Georges Bizet’s Carmen had an inglorious premiere in 1875 but it has made up for insulting reviews by becoming one of the most popular operas in the world. It has been performed 1023 times at the Met, ranking overall fourth. La Bohème with 1344 performances is first.
The Met is continuing its free nightly streaming of operas and January 18 to 24 is the 45th week. It is all because of Covid-19, of course. This week’s offerings are titled Women on the Verge and when you see Lucia, Norma, La Traviata and Manon you get the message.
Richard Eyre’s 2009 production of Carmen has been revived several times with different casts. This week’s showing was of the November 2014 performance with Anita Rachvelishvili as Carmen, Aleksandrs Antonenko as Don Jose and Anita Hartig as Micaela.
Eyre does not shy from the sexual passion that underlies the opera. In the opening scene, the lovely Micaela comes to the army barracks looking for Don Jose. Some of the soldiers start pawing her in a sexually suggestive way, to put it politely. She is not receptive. Carmen, the free-spirited cigarette girl, is not just receptive but a woman of such sexual magnetism she can make men give up their souls for her.
This is where the problem of the production begins. Rachvelishvili has a sultry mezzo voice, but she exudes very little magnetism. There is very little chemistry between her and Don Jose to justify his actions from deserting the army, to assaulting an officer, to joining criminals and committing murder. Antonenko and Rachvelishvili look well past their youthful prime to be involved in a passionate affair like that. I suppose we could look at it as mature infatuation but for these roles there are certain requirements that must be met. The sexual attraction and chemistry must be palpable. Antonenko and Rachvelishvili fall short even though their singing never falls below good.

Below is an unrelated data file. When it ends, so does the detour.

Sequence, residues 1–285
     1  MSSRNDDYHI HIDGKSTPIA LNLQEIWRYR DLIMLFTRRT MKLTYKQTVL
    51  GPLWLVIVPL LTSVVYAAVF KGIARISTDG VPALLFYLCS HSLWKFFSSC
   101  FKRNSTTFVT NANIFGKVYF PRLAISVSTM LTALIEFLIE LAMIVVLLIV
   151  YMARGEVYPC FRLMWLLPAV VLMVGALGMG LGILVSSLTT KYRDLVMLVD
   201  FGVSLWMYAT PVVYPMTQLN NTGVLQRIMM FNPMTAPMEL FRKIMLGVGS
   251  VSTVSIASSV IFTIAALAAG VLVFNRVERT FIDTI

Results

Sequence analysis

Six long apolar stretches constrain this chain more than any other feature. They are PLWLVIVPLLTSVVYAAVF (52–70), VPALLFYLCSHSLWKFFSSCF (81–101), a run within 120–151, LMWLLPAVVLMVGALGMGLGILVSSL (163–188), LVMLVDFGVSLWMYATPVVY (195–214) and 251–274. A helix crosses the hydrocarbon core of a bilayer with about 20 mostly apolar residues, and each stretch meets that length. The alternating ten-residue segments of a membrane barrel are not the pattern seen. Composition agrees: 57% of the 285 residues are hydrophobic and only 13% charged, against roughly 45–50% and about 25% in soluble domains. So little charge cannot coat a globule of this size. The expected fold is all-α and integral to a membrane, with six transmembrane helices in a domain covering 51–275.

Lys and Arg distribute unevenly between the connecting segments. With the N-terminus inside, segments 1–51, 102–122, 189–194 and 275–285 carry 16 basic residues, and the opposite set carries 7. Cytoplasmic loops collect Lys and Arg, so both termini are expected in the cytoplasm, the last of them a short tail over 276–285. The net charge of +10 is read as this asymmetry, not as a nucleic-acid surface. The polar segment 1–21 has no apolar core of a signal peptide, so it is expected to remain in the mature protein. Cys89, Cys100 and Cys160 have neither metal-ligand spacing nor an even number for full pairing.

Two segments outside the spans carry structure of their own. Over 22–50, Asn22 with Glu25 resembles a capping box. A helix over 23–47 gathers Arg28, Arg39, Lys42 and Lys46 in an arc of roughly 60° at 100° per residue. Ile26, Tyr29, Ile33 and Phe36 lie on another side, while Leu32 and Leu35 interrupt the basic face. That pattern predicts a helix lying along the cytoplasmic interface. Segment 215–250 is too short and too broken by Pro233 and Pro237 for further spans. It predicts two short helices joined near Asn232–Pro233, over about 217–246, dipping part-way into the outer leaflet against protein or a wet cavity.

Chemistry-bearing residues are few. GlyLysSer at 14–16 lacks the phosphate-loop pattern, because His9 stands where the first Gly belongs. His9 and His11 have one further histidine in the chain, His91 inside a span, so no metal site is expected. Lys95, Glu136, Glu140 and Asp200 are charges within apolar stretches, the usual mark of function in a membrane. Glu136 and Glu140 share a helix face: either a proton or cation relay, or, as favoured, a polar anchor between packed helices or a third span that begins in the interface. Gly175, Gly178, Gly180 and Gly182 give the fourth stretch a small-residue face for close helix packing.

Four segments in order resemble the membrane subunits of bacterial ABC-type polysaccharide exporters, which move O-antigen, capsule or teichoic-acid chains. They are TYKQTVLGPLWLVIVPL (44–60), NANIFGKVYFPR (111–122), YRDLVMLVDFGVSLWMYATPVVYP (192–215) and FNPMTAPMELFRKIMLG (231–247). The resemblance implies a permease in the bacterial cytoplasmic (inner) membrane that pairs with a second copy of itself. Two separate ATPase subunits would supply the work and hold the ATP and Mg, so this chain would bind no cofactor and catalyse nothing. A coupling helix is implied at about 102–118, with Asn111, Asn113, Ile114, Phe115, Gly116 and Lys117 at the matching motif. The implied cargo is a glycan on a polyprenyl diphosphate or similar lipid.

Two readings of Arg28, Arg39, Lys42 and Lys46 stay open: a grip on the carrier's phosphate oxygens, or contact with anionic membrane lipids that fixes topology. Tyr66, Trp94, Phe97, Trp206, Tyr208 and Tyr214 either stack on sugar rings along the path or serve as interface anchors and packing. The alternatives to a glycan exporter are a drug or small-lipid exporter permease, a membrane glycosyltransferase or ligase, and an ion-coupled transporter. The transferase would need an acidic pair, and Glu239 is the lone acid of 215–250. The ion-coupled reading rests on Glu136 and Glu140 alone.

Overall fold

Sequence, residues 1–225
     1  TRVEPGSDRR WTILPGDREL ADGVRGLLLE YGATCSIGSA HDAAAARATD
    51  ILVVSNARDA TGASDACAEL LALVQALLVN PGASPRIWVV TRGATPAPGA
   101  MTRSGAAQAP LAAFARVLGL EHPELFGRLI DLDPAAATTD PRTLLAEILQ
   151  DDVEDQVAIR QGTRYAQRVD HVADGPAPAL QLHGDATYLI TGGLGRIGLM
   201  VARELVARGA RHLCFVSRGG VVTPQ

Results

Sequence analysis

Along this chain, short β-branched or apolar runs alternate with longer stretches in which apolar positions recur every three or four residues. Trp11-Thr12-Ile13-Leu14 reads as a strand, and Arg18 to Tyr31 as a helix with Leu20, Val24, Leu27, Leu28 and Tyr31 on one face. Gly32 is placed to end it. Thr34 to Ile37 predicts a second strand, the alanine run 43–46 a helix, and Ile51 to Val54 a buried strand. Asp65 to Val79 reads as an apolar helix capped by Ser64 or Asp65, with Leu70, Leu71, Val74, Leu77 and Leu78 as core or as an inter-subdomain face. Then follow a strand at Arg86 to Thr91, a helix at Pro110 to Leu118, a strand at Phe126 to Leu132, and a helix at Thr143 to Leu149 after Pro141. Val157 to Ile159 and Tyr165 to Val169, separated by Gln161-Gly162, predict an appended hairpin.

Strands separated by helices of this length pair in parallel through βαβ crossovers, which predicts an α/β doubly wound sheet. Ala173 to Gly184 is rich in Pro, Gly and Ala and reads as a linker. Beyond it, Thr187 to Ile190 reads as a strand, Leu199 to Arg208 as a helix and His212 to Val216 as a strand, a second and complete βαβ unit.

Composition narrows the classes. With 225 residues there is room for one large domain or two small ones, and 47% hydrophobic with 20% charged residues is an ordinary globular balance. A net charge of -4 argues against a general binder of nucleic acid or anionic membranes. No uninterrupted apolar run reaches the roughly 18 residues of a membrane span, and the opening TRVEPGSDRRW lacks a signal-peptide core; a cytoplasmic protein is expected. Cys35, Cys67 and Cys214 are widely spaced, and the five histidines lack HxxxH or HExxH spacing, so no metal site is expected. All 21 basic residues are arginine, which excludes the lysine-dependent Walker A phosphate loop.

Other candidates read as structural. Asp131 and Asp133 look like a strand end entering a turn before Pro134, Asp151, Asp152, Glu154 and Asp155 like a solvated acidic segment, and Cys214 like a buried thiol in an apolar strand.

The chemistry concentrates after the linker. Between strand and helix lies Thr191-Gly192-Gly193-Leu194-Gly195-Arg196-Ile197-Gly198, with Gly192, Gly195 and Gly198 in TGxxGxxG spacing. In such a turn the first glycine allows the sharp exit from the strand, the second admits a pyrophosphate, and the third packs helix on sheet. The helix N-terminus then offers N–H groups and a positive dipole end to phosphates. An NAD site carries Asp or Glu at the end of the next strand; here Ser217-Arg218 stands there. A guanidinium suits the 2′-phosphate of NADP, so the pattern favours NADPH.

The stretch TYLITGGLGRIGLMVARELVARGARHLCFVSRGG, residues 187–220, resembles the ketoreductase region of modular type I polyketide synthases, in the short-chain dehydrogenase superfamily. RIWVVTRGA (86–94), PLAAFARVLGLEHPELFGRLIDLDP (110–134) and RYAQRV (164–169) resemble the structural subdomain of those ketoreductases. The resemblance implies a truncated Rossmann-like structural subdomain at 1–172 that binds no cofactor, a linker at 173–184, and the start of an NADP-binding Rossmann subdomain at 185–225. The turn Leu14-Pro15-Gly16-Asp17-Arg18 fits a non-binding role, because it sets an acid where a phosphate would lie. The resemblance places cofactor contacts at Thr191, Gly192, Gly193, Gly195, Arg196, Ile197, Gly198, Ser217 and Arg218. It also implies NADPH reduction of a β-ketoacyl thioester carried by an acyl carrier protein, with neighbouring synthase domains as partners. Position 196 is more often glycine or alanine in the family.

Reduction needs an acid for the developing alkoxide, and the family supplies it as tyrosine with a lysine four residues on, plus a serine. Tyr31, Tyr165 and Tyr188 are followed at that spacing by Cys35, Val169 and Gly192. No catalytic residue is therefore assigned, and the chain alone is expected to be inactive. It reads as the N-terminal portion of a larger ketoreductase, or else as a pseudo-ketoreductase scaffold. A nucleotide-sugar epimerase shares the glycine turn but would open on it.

The best singing and acting is done by soprano Anita Hartig, the girl from the country who comes to see Don Jose at the request of his mother. Her beautiful voice expresses innocence, pure love and humanity. She is exactly the opposite of Carmen and Don Jose.
Bass Ildar Abdrazakov is the heroic bullfighter Escamillo who belts out the Toreador aria with relish and gets Carmen away from Don Jose.
Part of Carmen’s sexual magnetism comes out in the age-old expression of eroticism – the dance. She is supposed to dance for Don Jose in the tavern of Lillas Pastia. Let us say that dancing is not Rachvelishvili’s forte.
Eyre does have two marvellous dancers, Maria Kowroski and Martin Harvey, who perform on two occasions with electrifying sexuality.
Eyre sets the opera in Fascist Spain of the 1930’s. The set by Rob Howell uses walls and pillars that look like movable Roman ruins. In the first act, there are fences around the walls giving the impression of a prison. The pieces can be moved around and give a fine impression of the bullring in the final act. Eyre, always a man of the theatre, in the final scene, after Don Jose stabs Carmen, shows the interior of the bullring with a dead bull. Very effective.
The chorus and the Met Orchestra conducted by Pablo Heras-Casado are superb as are the production values.
You can still catch Women on the Verge on the weekend with Tosca on Friday, Manon on Saturday and Brunhilde (Die Walküre) on Sunday.
The 2014 production of Carmen by George Bizet was streamed by the Metropolitan Opera on January 18, 2021. For more information visit: www.metopera.org